Judy Chicago Garden SmokeJune 8th - July 31st, 2021
As we emerge from the pandemic of the past year there is much to be said about looking back and looking forward. Turning towards artists to assess who we’ve become and how we can face the future with lessons learned. Below, you will find text passages written by Judy Chicago that contextualize her Garden Smoke series which we have chosen to share via The Viewing Salon as we enter a more hopeful summer. The beauty, empathy and intimacy of these works are a fitting reflection.
Produced at an intimate scale and in a small edition of 10, each work is an archival pigment print. Here’s to a free-er and more uplifting summer!
There is some argument about when the first COVID-19 case was reported in the United States but it was sometime in early 2020. Although we had been following the news about the pandemic in China and then, its devastating impact in New York, we still had very little understanding of how it would affect our lives or the economic havoc it would cause for so many people. At first, I was glad for the sudden quiet precipitated by the March 23rd “Stay-At-Home” order in New Mexico. Our lives had become overly busy and incredibly demanding which affected my studio time. But I felt guilty about my feelings in the face of the hardships afflicting so many others.
Of course, we were fortunate; even though we were confined at home, we live and work in a spacious building with enough room for our staff to practice social distancing once they were able to return to work. But everyone had to wear masks which made it somewhat difficult to understand each other. And like everyone else, we weren’t able to travel much (except by car), socialize (except via zoom), eat at our favorite restaurants or see/much less hug our friends. And as the months went on, these restrictions became increasingly odious.
At one point during our many months of confinement, I thought I’d amuse myself by reprising my early days in California when I began my “Atmospheres”, which were intended to soften and feminize the man-made world. My friends and I simply drove around placing colored smokes wherever I wished; in parks, on beaches, in the desert and even in the national forests, which would be unthinkable today. But then I discovered that fireworks were prohibited on all New Mexico state and federal lands, possible on private property only with cumbersome permits.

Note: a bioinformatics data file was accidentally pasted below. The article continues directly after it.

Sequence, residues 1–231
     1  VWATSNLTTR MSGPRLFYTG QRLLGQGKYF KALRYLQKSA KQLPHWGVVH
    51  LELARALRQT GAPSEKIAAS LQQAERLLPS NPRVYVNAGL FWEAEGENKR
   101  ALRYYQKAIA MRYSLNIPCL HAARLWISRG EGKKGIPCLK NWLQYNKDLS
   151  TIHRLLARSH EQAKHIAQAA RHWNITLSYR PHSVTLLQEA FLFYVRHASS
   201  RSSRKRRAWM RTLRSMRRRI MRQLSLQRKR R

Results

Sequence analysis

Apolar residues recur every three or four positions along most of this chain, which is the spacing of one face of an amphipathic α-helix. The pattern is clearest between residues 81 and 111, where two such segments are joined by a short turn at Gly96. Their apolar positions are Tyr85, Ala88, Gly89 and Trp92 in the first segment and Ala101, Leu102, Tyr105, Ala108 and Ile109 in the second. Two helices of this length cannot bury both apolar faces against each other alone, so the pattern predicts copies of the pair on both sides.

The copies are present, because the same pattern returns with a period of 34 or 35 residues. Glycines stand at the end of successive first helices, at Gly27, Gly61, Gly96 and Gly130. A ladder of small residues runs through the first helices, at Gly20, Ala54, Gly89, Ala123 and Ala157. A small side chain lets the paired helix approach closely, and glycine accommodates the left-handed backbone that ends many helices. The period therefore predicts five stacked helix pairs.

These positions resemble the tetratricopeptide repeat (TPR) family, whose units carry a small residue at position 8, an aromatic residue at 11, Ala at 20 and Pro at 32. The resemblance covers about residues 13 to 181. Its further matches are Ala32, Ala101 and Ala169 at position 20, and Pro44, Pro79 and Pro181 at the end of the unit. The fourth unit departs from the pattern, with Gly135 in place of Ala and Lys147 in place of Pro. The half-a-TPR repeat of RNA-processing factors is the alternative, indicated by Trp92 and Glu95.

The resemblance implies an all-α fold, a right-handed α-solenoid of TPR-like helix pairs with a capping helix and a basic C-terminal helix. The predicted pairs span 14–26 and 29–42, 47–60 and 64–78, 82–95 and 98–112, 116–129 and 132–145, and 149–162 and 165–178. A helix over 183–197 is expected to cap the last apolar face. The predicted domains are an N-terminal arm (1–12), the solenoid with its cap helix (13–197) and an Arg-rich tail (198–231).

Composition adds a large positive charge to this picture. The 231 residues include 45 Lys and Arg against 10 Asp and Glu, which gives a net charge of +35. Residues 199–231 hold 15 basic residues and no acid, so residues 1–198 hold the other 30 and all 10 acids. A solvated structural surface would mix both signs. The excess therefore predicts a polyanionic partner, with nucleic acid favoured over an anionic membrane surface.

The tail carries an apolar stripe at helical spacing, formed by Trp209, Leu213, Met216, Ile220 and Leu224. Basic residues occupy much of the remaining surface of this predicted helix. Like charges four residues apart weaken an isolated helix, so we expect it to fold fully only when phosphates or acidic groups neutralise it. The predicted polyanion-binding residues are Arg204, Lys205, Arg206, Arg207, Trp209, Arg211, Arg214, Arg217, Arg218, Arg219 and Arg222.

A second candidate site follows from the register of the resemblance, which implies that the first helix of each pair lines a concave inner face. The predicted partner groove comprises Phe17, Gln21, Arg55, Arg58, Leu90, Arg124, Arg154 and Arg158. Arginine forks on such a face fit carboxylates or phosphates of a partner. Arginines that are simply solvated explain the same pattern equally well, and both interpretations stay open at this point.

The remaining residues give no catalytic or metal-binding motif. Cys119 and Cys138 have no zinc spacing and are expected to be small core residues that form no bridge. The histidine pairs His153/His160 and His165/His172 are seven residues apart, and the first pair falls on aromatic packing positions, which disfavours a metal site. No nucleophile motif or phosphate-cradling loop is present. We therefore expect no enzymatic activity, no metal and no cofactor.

Consequently, over the summer of 2020, I decided to fill our own gardens with colored smokes in an effort to express my feelings during this period; also, to attempt to wrest some moments of beauty from these difficult months. In these prints, I surrounded the images with words that are intended to convey the many emotions I experienced as we – like the wafting smoke – came up against all the impediments to our freedom brought about by the coronavirus. Sadly, I learned that this disease emerged as a result of our mistreatment of other creatures and disdain for our environment. Moreover, it became apparent that, unless we change course, it is only a harbinger of what’s to come.
About Judy Chicago
Judy Chicago is an artist and author whose career spans almost six decades during which time she has produced a prodigious body of art that has been exhibited all over the world. In the 1970’s, she pioneered feminist art and feminist art education in a series of programs in southern California along with her monumental “Dinner Party” executed between 1974-79. In 2018 she was named one of Time Magazine’s ‘100 Most Influential People’ and Artsy magazine’s ‘Most Influential Artists’. Over the course of her career Chicago has remained steadfast in her commitment to the power of art as a vehicle for intellectual transformation and social change and to women’s right to engage in the highest level of art production. In 2019, she received the Visionary Woman award from the Museum of Contemporary Art Chicago and was an honoree at the annual Hammer Museum gala in Los Angeles. In 2020 she was honored by the Museum of Arts and Design at their annual MAD Ball. Her first retrospective will open August 28, 2021 at the De Young Museum in San Francisco.
Among many other institutions, Chicago’s work is in the collections of the British Museum, Moderna Museet (Stockholm), Metropolitan Museum of Art (New York), National Gallery (Washington DC), Los Angeles County Museum of Art, Museum of Contemporary Art Los Angeles, Hammer Museum, Getty Trust and Getty Research Institute, San Francisco Museum of Modern Art, Tate Modern, Crystal Bridges Museum of American Art, Art Institute of Chicago, the Nasher Sculpture Center, the Smithsonian American Art Museum and over 25 university art museums such as Brandeis, Cornell, Harvard, Illinois, Michigan, UCLA, Canterbury (New Zealand) and Cambridge (UK).
Judy Chicago is represented by Salon 94, New York; Jessica Silverman Gallery, San Francisco; and Jeffery Deitch, Los Angeles